Finding res judicata applicable in this case, we also conclude that Caliendo was given a full and fair opportunity to litigate his claims in state court. Lolling, 966 F.2d at 235. Illinois courts treat constitutional and non-constitutional arguments as a single claim and permits plaintiffs to join constitutional claims under Sec. 1983 with requests for administrative review. Stratton v. Wenona Community Unit District No. 1, 551 N.E.2d 640, 646-47 (Ill.1990); Rogers v. Desiderio, 58 F.3d 299, 301 (7th Cir.1995); Davis, 53 F.3d at 802-03. In his state action, Caliendo raised at least one constitutional issue--that he was denied his right to an impartial decisionmaker--and there is no evidence that he could not have raised his other constitutional claims as well. Although Caliendo argues that full faith and credit should not be given to the state judgment because it was secured by fraud through the use of "tainted evidence and perjured testimony," these allegations, if true, would still not bar the doctrine's application.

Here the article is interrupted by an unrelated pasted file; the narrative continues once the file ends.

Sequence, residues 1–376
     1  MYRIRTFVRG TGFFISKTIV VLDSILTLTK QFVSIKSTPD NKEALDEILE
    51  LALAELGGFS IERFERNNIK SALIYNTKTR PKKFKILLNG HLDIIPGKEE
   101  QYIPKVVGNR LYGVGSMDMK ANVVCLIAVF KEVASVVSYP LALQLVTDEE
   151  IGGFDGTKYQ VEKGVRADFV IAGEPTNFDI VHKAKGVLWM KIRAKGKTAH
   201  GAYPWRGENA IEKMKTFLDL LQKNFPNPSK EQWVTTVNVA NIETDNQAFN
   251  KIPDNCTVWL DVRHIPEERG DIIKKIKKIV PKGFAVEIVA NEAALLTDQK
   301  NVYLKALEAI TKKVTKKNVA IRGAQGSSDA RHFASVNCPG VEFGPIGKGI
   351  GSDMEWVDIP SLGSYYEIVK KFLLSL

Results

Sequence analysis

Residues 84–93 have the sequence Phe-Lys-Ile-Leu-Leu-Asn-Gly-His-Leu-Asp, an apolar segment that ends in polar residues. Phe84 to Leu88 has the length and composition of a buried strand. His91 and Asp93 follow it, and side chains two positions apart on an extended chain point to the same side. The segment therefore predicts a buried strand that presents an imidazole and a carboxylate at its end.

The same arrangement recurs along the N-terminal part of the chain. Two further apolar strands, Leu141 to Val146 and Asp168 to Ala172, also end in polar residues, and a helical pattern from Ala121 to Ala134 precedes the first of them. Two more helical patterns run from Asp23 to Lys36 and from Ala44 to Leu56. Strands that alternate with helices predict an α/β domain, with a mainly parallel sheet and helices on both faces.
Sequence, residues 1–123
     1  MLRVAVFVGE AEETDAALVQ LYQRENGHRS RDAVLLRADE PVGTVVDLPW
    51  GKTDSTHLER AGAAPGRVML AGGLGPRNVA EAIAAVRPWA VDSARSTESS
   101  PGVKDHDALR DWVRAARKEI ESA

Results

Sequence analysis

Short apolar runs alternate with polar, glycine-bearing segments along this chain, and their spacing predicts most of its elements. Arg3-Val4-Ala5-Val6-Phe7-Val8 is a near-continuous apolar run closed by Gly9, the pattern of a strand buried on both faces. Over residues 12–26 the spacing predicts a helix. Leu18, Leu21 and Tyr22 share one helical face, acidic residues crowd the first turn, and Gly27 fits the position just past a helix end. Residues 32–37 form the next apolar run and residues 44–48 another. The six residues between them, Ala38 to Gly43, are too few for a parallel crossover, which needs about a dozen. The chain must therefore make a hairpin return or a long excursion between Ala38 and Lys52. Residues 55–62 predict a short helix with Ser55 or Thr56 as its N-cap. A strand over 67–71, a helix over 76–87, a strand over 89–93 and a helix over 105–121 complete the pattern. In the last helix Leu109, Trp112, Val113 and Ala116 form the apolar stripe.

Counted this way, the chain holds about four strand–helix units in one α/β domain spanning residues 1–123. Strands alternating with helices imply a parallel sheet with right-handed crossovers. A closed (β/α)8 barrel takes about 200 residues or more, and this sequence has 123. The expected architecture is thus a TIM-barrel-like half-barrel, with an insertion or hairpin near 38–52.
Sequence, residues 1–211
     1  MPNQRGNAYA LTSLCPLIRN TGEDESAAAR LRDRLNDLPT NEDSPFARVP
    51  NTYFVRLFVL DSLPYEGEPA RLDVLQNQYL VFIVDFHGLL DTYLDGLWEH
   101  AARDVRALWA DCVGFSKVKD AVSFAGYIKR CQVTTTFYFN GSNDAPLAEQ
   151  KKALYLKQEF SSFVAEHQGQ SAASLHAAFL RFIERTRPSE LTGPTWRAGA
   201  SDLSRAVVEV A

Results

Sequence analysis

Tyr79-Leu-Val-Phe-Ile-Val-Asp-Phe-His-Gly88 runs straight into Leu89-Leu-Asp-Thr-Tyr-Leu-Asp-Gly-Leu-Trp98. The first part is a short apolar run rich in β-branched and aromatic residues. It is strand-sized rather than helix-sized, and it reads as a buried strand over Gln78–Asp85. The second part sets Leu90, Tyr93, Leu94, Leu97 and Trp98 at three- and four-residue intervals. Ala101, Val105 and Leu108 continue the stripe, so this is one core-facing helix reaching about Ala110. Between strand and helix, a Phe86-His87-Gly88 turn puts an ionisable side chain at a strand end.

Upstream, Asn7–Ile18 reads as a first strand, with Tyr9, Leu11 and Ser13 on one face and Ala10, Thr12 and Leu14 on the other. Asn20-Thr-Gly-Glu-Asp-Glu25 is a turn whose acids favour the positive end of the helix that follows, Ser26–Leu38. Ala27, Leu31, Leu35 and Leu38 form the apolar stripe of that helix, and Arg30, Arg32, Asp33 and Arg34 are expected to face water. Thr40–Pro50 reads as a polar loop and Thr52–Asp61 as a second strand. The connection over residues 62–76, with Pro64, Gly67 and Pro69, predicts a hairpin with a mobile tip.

Illinois differentiates between fraud which gives the court only colorable jurisdiction and fraud which occurs after the case is properly before the court. Vulcan Materials Co. v. Bee Construction, 449 N.E.2d 812, 815 (Ill.1983); Schwarz v. Schwarz, 188 N.E.2d 673, 676 (Ill.1963). Once jurisdiction is established, fraud on the court will not vitiate the preclusive effect of the court's judgment unless the rendering court sets it aside. Vulcan, 449 N.E.2d at 815 (fraud on the court subsequent to initial jurisdiction renders judgment voidable, but not void for lack of jurisdiction); Harris Trust and Savings Bank v. Ellis, 810 F.2d 700, 705 (7th Cir.1987). Accordingly, Caliendo's claims of fraud on the court do not bar the application of res judicata to Counts 1 through 7.